24. 09. 2018
A nurse’s view: Fighting Ebola one day at a time in Sierra Leone – National

A nurse’s view: Fighting Ebola one day at a time in Sierra Leone – National

It’s the children who distress me most.” — MSF nurse Anja Wolz

Today the Ebola story appears to be all about numbers – big numbers. The World Health Organization released a plan for bringing the seemingly unstoppable Ebola outbreak in West Africa to an end.

It estimates the work will cost US$490 million.It suggests by the time the outbreak is over, more than 20,000 people may have contracted the virus.  For context, the largest previous outbreak occurred in 2000 in Uganda, when 425 people were infected.It sets a goal of stopping the outbreak in six to nine months. It’s not a projection or a promise — the WHO is calling it a goal. It’s a telling word choice.It estimates 3,580 international and national personnel will be needed to make this all work.

These are numbers unlike anything the world has ever seen before in relation to Ebola, and frankly few in public health would have ever dreamed — nightmared  —  of a scenario like what the world faces now with the outbreak in Guinea, Sierra Leone and Liberia.

(Fingers are still crossed that Nigeria has contained the spread there, sparked by an infected government official from Liberia who travelled to Nigeria. So far Nigeria has recorded 17 cases, including the Liberian man, and six deaths — all from that one importation.)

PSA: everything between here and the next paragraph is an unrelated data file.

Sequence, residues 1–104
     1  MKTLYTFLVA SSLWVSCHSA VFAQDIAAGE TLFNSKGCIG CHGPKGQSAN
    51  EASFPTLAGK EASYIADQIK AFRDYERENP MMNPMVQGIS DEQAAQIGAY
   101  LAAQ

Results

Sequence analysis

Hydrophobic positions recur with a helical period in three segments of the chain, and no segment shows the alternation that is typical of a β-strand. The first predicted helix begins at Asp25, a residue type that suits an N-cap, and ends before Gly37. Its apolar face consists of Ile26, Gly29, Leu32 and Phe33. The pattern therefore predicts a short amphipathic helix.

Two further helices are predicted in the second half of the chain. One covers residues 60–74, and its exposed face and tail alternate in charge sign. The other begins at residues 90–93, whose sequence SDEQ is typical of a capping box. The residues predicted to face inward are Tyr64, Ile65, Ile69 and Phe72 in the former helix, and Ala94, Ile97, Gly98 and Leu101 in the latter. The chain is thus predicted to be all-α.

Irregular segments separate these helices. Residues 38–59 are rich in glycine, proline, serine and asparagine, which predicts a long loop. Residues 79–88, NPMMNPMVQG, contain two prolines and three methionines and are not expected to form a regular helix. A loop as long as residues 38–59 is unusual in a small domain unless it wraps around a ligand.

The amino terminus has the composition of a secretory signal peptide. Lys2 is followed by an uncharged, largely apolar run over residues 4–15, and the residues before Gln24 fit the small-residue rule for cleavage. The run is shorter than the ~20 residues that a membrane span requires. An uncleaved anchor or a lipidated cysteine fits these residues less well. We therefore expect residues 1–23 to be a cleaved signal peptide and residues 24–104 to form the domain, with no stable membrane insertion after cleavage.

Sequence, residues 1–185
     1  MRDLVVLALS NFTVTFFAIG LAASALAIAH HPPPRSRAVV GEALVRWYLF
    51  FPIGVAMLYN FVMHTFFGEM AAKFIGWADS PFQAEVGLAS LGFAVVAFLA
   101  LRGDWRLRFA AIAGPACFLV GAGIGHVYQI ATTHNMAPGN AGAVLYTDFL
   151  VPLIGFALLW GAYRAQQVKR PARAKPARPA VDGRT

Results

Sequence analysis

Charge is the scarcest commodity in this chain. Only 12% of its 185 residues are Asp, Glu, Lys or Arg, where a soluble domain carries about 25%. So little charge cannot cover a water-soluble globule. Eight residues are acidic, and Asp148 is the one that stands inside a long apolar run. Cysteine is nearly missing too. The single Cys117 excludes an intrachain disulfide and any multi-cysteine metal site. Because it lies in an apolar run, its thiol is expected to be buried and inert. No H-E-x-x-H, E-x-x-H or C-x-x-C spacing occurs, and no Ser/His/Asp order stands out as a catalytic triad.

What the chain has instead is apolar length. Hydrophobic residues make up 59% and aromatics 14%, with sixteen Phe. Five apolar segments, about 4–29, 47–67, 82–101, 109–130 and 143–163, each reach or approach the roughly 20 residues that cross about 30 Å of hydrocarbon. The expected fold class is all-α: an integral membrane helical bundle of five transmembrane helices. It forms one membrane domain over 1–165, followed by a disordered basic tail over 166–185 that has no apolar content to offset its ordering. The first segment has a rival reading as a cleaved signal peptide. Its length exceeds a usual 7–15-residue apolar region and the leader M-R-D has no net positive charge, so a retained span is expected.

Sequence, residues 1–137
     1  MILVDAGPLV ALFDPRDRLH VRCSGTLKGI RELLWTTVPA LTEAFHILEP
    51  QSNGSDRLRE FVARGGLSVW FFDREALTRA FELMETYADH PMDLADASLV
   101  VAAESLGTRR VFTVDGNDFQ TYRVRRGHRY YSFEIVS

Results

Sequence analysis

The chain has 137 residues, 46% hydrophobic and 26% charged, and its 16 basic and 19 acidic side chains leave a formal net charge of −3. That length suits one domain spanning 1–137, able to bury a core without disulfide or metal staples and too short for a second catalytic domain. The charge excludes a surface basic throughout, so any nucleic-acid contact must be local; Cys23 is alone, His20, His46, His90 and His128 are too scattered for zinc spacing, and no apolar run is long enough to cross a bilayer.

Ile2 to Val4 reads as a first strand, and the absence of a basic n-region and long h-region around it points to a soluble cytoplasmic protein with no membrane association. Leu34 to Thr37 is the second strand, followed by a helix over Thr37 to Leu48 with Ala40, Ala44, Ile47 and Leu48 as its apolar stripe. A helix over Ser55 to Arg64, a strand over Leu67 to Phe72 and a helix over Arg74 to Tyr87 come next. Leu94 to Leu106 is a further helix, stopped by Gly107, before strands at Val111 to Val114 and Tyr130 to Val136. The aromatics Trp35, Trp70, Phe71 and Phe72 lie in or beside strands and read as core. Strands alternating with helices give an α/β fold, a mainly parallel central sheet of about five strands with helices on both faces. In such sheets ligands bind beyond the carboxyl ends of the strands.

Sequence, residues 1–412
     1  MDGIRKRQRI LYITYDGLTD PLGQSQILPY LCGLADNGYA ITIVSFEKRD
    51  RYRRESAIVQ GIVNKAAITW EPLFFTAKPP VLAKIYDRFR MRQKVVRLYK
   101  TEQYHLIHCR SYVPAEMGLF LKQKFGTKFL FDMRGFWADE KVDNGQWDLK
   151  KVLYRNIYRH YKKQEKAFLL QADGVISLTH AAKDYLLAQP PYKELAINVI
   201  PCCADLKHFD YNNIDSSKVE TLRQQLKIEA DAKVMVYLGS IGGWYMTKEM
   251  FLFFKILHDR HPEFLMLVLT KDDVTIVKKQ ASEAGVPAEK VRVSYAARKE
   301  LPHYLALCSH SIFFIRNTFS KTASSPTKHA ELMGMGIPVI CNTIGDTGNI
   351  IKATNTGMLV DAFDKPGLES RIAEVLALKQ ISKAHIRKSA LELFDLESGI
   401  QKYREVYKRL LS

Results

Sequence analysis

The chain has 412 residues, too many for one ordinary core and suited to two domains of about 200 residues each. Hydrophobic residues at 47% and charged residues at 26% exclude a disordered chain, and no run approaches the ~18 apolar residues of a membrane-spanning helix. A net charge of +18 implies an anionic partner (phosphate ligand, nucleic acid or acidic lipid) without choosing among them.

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The plan, which the WHO calls a roadmap, is critically important work. But it’s hard to take in and it tells a story in numbers.

Ultimately, the Ebola outbreak in West Africa is a story about people. The people whose families and communities are being wiped out and the hugely courageous people who are trying to save lives and stop the spread of this hellish virus.

Anja Wolz is in the latter group of people. A nurse with Medecins Sans Frontieres (Doctors Without Borders), Wolz is working at Kailahun, Sierra Leone. She has written a first-person account of the gruelling and relentless work the national and international health-care workers fighting the outbreak face day after day after day.

She says the worst thing about the work is dealing with the children — orphaned, confused, sick and a heartbreak to caregivers whose instincts are to offer consoling hugs. The PPE — personal protective equipment, a.k.a. layers of head-to-toe coverings — the health workers must wear make hugging and even talking to the children difficult.

Wolz’s account can be read on the website of The New England Journal of Medicine, which was published Wednesday along with a slide show of photos that show the rudimentary facilities where these health-care heroes are trying to save lives. People who want to know the story behind the large numbers in the WHO’s containment plan can find it in Wolz’s words.